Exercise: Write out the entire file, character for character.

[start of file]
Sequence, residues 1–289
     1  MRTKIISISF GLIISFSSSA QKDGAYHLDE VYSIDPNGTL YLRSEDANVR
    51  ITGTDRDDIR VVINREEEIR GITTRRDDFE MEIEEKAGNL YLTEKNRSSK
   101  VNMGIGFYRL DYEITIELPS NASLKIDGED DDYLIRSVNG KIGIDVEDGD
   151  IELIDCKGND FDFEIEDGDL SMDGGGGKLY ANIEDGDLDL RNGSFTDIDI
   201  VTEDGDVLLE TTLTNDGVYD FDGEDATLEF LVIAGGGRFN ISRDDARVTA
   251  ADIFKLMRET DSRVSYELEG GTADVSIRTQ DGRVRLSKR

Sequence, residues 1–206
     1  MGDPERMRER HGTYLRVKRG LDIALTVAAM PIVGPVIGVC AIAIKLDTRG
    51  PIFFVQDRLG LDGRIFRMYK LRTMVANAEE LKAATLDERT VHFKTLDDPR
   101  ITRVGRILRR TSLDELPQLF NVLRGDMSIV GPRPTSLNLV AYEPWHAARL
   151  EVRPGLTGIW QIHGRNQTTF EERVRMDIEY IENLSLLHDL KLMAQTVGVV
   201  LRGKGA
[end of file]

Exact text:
Sequence, residues 1–289
     1  MRTKIISISF GLIISFSSSA QKDGAYHLDE VYSIDPNGTL YLRSEDANVR
    51  ITGTDRDDIR VVINREEEIR GITTRRDDFE MEIEEKAGNL YLTEKNRSSK
   101  VNMGIGFYRL DYEITIELPS NASLKIDGED DDYLIRSVNG KIGIDVEDGD
   151  IELIDCKGND FDFEIEDGDL SMDGGGGKLY ANIEDGDLDL RNGSFTDIDI
   201  VTEDGDVLLE TTLTNDGVYD FDGEDATLEF LVIAGGGRFN ISRDDARVTA
   251  ADIFKLMRET DSRVSYELEG GTADVSIRTQ DGRVRLSKR

Sequence, residues 1–206
     1  MGDPERMRER HGTYLRVKRG LDIALTVAAM PIVGPVIGVC AIAIKLDTRG
    51  PIFFVQDRLG LDGRIFRMYK LRTMVANAEE LKAATLDERT VHFKTLDDPR
   101  ITRVGRILRR TSLDELPQLF NVLRGDMSIV GPRPTSLNLV AYEPWHAARL
   151  EVRPGLTGIW QIHGRNQTTF EERVRMDIEY IENLSLLHDL KLMAQTVGVV
   201  LRGKGA